As long as you don't have potential for contention (file lock or limited SQL connections, for instance), he says to just allow the GC to finalize the resources.

I still don't know what I think of that, but it's interesting to hear that recommendation from Jeff.

MatthewVon
07/01/2013 03:11 PM by
MatthewVon

Hardware CRC32c is measured / known to be 10x faster than software implementation. That is why Intel now puts it inside the CPU. leveldb really depends upon that CRC to verify data is not corrupted ... because it has almost no defense against corrupted data (i.e. segfaults).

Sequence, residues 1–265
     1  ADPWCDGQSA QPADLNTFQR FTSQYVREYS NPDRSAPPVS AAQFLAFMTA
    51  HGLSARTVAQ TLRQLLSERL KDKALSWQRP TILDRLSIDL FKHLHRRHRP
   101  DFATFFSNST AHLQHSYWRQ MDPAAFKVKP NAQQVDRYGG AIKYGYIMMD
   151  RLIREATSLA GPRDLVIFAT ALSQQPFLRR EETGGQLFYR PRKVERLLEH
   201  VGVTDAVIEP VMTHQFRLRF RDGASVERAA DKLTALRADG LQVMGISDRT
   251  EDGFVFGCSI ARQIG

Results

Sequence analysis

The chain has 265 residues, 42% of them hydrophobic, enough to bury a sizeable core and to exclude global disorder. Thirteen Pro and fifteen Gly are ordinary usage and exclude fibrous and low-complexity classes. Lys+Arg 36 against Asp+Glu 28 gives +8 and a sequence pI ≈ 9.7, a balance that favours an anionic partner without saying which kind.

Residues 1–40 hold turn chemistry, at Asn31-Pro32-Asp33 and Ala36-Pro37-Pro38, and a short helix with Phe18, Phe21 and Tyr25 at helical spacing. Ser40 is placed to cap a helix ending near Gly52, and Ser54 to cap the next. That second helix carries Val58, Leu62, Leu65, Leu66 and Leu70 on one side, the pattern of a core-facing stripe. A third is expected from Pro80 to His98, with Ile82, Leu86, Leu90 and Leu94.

________
07/01/2013 03:07 PM by
________

Here is Matthew's original reply when HyperLevelDB came up on HN: https://news.ycombinator.com/item?id=5835098 that will explain briefly why Riak's use case is so much different than Hyperdex's.

MatthewVon
07/01/2013 06:10 PM by
MatthewVon

The rationale for some of the more recent changes are presented on the github wiki page for basho/leveldb repository:

https://github.com/basho/leveldb/wiki

Basho has customers that write 100s of gigabytes of data to a server per day. This data is written across 8 to 64 simultaneously active leveldb databases. The compaction tunings and write throttle are based upon the needs of this high volume, multi-database environment.